Outlaw King’s director David MacKenzie has opened up and defended working with Netflix, calling the battle between the theatre and streaming sites bogus and insisting that people need to stop romanticizing the big-screen.
“There is no competition. Netflix are the key players at the moment in terms of allowing filmmakers to make films on a big scale with massive creative freedom and control,” Mackenzie recently explained to me over the phone.
“Outlaw King,” which revolves around Robert The Bruce (Chris Pine) being crowned King Of Scotland, only to then be forced into exile by the English, which is when he leads a band of outlaws to help him reclaim the throne, might have been better suited to a theatrical release.
But, as the “Hell Or High Water” director explained, Netflix were willing to give Mackenzie the creative control and backing he demanded in order to fulfill his vision for “Outlaw King.”
“That is completely exciting for me. In 2012, when I had the idea, it didn’t exist in that form. As the landscape has changed it has given me the opportunity to make this ambitious film on the scale that we have made it.”
“With daily support, too, and trust in me as a filmmaker to do it my way. I am honored and happy to do it that way.”
“The slightly false dichotomy of the big screen vs the small screen is a bogus argument to be honest. There are a lot of films that are out on the big screen that people don’t see on the big screen anyway.”
“The big-screens are in terrible condition most of the time, multiplexes with one projectionist and the sound turned down. The romanticizing of the big screen is something that people serious need to question.”
“I don’t think it is what it once was in many ways. I would like to see a future of cinema where people like Netflix have their own cinema screens, theatre chains or whatever, because they look after the viewer experience rather better than some of the chains that exist now.”
“The nature of regrouping the costs and conventional ways of doing it are gone. Netflix has 193 territories now I think, and the film is released to them all on the same day. It is a massive reach.”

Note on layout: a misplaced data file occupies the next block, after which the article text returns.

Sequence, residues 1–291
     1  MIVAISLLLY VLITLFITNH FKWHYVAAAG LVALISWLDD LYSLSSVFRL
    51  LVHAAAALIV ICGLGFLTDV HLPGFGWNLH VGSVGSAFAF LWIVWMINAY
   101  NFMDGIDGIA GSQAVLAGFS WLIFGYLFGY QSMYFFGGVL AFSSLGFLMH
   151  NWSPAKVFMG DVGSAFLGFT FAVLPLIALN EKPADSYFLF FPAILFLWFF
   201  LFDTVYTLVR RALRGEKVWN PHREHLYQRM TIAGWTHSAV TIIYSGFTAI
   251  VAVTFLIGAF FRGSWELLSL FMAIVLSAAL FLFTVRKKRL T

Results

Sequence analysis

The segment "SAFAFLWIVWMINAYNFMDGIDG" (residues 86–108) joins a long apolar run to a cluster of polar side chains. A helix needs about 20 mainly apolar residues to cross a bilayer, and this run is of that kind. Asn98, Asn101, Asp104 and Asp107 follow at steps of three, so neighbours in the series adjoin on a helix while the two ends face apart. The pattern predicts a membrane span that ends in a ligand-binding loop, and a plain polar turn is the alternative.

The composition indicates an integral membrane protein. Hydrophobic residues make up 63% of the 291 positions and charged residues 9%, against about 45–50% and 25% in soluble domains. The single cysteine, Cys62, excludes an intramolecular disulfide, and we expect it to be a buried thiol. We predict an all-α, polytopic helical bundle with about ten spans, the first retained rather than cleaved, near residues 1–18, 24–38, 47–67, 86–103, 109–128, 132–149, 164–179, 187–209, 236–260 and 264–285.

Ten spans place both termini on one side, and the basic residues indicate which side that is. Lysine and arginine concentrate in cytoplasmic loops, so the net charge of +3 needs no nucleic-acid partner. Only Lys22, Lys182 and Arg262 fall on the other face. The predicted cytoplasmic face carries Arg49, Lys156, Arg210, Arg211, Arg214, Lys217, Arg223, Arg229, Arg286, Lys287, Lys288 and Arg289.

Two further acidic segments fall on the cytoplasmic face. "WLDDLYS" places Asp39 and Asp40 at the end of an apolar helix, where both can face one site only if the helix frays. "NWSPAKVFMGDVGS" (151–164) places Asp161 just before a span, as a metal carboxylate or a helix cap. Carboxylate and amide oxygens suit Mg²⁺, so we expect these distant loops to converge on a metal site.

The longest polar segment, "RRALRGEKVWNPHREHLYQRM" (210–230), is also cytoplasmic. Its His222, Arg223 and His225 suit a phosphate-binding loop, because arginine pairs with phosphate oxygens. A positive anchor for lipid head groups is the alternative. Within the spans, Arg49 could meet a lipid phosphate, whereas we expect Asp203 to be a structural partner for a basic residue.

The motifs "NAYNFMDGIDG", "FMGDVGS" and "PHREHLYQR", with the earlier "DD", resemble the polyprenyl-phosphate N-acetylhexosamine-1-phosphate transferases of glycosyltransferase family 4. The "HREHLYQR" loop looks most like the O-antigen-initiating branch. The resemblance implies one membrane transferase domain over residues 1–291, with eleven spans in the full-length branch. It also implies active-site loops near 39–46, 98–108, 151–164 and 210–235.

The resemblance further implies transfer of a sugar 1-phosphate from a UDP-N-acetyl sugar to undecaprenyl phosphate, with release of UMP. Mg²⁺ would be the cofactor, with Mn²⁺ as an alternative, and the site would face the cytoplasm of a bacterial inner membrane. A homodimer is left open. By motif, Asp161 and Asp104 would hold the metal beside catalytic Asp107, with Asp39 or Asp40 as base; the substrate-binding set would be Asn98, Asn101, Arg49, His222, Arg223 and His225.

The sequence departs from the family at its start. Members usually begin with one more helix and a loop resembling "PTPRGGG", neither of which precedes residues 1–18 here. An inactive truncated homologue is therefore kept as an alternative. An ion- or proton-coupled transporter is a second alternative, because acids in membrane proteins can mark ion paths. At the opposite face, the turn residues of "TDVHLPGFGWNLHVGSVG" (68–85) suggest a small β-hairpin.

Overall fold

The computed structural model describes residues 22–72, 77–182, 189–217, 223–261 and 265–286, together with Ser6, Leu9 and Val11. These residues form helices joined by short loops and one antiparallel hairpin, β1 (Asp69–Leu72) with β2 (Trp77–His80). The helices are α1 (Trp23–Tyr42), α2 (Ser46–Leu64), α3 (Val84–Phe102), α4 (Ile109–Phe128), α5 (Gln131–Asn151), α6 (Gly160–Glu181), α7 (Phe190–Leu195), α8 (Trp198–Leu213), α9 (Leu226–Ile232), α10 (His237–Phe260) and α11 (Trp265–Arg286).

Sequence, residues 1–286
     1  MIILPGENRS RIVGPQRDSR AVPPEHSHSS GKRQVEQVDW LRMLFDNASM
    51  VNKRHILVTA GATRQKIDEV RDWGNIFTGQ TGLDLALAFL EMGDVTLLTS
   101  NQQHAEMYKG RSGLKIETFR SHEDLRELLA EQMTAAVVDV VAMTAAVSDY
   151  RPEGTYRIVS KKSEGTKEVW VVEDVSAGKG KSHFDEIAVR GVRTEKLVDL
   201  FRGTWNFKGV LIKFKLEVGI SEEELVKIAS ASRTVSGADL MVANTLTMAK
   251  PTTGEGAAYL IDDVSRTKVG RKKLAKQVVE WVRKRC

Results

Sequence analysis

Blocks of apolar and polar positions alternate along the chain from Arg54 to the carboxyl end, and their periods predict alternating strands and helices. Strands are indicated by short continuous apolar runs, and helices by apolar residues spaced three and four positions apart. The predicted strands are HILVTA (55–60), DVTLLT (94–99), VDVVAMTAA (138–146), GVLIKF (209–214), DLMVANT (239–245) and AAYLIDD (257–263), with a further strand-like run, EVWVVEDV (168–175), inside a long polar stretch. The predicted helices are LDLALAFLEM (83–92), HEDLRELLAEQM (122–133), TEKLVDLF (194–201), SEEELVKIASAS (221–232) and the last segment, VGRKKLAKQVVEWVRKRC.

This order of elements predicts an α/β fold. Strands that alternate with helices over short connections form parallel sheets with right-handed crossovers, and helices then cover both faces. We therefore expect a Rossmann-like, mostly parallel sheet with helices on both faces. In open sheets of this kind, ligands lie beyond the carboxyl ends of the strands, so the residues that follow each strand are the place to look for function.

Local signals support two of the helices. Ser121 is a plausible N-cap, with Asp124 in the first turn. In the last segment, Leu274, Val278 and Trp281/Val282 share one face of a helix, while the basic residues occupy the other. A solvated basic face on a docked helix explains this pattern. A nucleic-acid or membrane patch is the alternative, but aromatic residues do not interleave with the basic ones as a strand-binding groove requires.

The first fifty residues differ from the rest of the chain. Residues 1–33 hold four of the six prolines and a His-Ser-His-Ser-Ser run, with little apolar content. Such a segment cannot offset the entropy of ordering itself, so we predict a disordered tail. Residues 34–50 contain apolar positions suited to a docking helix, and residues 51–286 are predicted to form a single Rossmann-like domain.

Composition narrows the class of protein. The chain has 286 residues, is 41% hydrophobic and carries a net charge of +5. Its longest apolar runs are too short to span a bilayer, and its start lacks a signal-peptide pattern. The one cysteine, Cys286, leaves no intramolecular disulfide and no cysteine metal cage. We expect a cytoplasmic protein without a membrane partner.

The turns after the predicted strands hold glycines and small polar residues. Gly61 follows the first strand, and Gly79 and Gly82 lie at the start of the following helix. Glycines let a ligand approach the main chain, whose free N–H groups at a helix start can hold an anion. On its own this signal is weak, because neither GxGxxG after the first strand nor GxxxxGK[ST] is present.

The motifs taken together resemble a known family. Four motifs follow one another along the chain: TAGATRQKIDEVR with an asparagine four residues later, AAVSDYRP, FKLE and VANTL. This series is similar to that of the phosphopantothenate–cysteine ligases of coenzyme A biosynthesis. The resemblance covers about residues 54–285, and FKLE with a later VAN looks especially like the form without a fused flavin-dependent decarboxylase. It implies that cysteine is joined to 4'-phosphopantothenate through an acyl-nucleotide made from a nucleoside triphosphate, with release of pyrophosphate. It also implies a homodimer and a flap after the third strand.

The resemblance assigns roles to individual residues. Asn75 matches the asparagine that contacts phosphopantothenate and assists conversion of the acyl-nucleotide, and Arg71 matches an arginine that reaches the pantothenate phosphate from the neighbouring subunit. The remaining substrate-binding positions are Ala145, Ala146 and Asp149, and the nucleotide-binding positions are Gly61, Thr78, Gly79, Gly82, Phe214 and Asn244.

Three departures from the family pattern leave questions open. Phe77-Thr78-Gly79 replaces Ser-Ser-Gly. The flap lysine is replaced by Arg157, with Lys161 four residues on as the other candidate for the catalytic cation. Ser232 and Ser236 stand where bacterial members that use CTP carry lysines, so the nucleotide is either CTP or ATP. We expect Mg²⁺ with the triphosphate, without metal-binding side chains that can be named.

“They can think about their recruitment and getting their subscriptions in in a very different way to the studios. I think the time’s are changing.”
“It is hard for the studios to think in ways, outside of the franchises, to make money. Because it is so expensive to make and market movies in the conventional route.”
Thanks to Netflix, MacKenzie’s “Outlaw King” is a violent, brutal and authentic depiction of life and war in the early 1300s Scotland, and the director insisted it was always his intention to complicate cinema’s idea of heroism, which has long been “codified and simplified.”
“In the back of my mind I have always wanted to do a Scottish Medieval movie, because I was aware that the version of medieval life I had seen was all a little bit anodyne, a little bit clean, a little bit heraldic and nice.”
“It all felt a little bit ‘Princess Bride’ kind of thing. That wasn’t what that life was like. Robert The Bruce is a great and complex heroic character.”
“I have made a lot of movies with anti-hero characters and I can’t really bringing myself to do a straight hero thing. Robert was somebody who could do both. He has murdered someone in a church, he surrendered, he betrayed various people. It wasn’t an easy ride for him on his hero’s journey.”
“Cinema has codified and simplified this idea of heroism, and being able to explore a character who is regarded as a hero and is a complex one was something that was attractive to me for quite some time.”
“Outlaw King” is released on Netflix on November 9.